Landlord Quick Tip
Tip #196: Child’s Play
Tenants without children may be vocal critics of the neighbors’ kids — complaining that children are making too much noise or otherwise being disruptive. A landlord may fear that children will cause more damage in a rental property than adults.
But the simple reality is that landlords cannot avoid renting to families with children. In practice, understanding the nuances of familial discrimination is far from child’s play. Unfortunately, Fair Housing enforcers are not concerned whether a landlord intends to discriminate. Any rule that has an adverse impact on families with children — intended or not — is still illegal. Excuses like “I was trying to keep the other tenants happy,” simply won’t cut it.
As a general rule, don’t adopt policies which have the affect of treating families any differently than childless renters. Here are some actions to avoid:
Telling a family that small children cannot live upstairs because you fear they will make too much noise;
Attempting to cover up that belief by telling the family that the upstairs unit is not available;
Segregating families in units away from the general population;
Applying occupancy limits to family members unless you can show that it is entirely unreasonable or creates a financial hardship to stuff that many people into the available unit;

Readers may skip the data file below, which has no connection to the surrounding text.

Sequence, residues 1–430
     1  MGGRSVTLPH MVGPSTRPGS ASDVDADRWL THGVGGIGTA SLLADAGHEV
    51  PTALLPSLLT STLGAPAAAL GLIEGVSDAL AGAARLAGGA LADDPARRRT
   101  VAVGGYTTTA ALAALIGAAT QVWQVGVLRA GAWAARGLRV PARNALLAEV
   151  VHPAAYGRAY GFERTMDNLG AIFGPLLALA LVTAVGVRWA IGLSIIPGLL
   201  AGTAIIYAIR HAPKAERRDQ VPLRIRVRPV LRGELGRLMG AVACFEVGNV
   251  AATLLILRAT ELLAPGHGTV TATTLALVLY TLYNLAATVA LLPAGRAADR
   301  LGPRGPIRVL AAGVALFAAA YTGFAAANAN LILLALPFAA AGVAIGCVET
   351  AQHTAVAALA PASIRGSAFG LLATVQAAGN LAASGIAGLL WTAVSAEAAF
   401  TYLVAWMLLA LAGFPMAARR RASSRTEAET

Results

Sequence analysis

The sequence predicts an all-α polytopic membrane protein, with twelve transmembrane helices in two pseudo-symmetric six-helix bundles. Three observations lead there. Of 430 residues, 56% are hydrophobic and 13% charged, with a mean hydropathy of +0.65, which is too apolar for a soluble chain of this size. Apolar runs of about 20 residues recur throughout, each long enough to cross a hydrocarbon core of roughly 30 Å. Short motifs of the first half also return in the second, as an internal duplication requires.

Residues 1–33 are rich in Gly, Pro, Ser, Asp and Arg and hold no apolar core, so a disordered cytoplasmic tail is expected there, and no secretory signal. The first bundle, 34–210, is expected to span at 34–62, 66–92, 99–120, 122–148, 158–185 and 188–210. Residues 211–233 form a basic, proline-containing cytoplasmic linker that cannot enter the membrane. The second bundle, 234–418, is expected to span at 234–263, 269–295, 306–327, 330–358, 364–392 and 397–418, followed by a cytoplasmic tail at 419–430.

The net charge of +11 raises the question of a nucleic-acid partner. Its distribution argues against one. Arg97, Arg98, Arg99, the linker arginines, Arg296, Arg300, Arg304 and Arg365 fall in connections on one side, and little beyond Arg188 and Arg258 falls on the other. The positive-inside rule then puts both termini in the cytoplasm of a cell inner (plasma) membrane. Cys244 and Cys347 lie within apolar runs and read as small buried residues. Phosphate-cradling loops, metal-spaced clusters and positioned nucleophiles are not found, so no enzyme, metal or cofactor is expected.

Restricting play in outdoor common areas — even if the rule purportedly applies to everyone;
Prohibiting kid’s bikes or skates in areas where adults can ride or no harm will come from riding;
Setting a curfew for young adults;
Restricting access to older children in common areas unless a supervising adult is present;
Landlords can enforce rules that keep tenants safe or preserve the peace, but only if those policies apply to everyone. For example, no loud music after 11:00 pm, no playing musical instruments after….
But a sign that says “no playing outside”, a pool restriction that requires all under the age of 18 to be supervised by a parent, or telling a prospective family that you suddenly filled the vacant unit they just toured — unless that’s true — will likely net a fair housing complaint.
See last week’s Landlord Quick Tip.
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